In his book Damp Squid: The English Language Laid Bare, Jeremy Butterfield lists ten of the most irritating phrases in English, including “it’s not rocket science,” “with all due respect,” “fairly certain,” “I personally,” and “shouldn’t of.” (It’s shouldn’t have, folks, as in “I shouldn’t have slept through so many English classes.”)
I’d add another to his list: “out of the box.” The phrase isn’t just a cliche; I think it’s also become counterproductive.
All creative endeavors require boundaries—rules, even. In addition to correct grammar (shouldn’t have), effective writing requires various elements: paragraphs have topic sentences, sentences have nouns and verbs, and an English sonnet is always fourteen lines of ten syllables each. Music, whether it’s Beethoven or Beyonce, involves time signatures, rhythms, musical keys with specific sharps and flats, and much more. (So much more that I had to get a tutor to pass music theory in college.) Painting, photography, filmmaking—every creative enterprise is grounded in certain parameters.
Research backs me up; if you’ve read Made to Stick, you may recall the Israeli research team that asked three groups of novices to brainstorm ad campaigns. One group received no training, one participated in a two-hour free-association class, and one was trained for two hours on templates the research team had already identified as central to 90% of award-winning ads. Then each of the groups submitted their ideas to an independent creative director who had no knowledge of each group’s training.
Who created the best ads—the team without any boundaries, the team with two hours of encouragement to think outside those boundaries, or the team with instruction in six boundaries? You guessed it—the CD rated the third group’s ads 50% more creative. A few carefully-chosen boxes produced the most out-of-the-box results.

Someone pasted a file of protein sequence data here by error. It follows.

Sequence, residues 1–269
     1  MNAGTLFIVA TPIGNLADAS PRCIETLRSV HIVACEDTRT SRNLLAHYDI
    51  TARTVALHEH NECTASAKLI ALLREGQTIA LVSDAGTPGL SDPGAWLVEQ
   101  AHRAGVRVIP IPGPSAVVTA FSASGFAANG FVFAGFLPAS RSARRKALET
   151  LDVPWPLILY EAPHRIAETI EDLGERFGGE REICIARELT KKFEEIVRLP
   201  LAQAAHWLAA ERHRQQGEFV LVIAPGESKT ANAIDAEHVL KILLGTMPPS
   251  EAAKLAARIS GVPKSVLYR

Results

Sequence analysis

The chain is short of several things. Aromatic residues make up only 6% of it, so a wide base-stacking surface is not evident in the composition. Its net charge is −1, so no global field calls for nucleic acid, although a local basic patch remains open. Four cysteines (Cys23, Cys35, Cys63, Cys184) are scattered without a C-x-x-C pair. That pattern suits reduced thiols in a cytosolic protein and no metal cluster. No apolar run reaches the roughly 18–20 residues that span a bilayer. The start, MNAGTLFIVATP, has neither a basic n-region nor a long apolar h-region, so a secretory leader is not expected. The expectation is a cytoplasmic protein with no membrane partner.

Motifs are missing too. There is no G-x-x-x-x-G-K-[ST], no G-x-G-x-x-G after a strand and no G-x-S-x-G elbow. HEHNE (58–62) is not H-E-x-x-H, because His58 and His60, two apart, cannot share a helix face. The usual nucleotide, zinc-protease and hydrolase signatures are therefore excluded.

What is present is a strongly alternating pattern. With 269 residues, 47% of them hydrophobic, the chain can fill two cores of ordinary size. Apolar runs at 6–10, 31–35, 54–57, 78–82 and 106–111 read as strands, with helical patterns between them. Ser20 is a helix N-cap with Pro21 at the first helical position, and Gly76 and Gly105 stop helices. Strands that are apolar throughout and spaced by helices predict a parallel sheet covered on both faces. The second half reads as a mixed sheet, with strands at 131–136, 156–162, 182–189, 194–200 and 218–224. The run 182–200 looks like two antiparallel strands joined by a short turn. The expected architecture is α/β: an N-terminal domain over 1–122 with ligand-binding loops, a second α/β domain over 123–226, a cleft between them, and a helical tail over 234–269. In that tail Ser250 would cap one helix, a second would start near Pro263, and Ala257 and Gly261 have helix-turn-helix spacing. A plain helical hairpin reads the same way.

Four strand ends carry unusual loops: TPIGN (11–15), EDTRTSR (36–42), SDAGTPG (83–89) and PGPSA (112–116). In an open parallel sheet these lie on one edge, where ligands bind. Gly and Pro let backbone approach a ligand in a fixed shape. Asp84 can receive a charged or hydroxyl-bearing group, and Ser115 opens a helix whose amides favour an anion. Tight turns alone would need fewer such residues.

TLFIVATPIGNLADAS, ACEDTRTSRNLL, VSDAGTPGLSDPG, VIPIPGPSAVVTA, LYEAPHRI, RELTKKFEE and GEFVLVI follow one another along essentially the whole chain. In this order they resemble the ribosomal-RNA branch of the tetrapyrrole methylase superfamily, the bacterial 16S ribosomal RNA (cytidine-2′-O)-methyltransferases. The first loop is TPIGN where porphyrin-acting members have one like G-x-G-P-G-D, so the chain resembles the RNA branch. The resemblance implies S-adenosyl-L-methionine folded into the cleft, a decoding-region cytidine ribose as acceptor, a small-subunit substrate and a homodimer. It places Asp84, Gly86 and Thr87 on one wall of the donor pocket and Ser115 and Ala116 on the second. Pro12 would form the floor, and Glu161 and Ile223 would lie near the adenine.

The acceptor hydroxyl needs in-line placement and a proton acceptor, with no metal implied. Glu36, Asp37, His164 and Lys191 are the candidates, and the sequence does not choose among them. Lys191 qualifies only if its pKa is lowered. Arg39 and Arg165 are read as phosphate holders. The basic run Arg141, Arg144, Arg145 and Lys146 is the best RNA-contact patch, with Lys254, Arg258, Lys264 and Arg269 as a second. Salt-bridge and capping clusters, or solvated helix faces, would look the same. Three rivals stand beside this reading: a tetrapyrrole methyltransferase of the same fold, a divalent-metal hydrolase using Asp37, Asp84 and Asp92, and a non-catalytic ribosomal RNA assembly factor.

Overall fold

This means if you are leading a worship arts team planning Christmas services, the least helpful thing you can do is convene a brainstorming meeting and ask your team to think “out of the box” with “no bad ideas” and a “blue-sky” approach to a “blank page.”
For one thing, even as you urge this you already have an idea, however vague, of what you want Christmas at your church to look and feel like. You might even be one of the lucky few whose senior minister decides what he’s going to preach on December 21. So if the two of you are thinking about a retro “Peanuts” Christmas feel with a straightforward gospel message, why waste 45 minutes of everyone’s time sharing ideas about how other cultures depict the incarnation? 30 minutes of discussion about favorite Christmas movies is fun, but only helpful if it’s on theme. And if you know the service will have an acoustic vibe, why burn brain cells figuring out where to rent a harp?
In other words, establish the box to channel creativity productively, not to stifle it. Of course, if you don’t know what key idea you’re going for, you’ve got bigger issues—figure that out alone or with a smaller group, then bring it to your team for brainstorming. With all due respect, I personally am fairly certain that’s the way to go, because it’s not … well, you know.
Photo (Flickr CC) by Pedro Reyna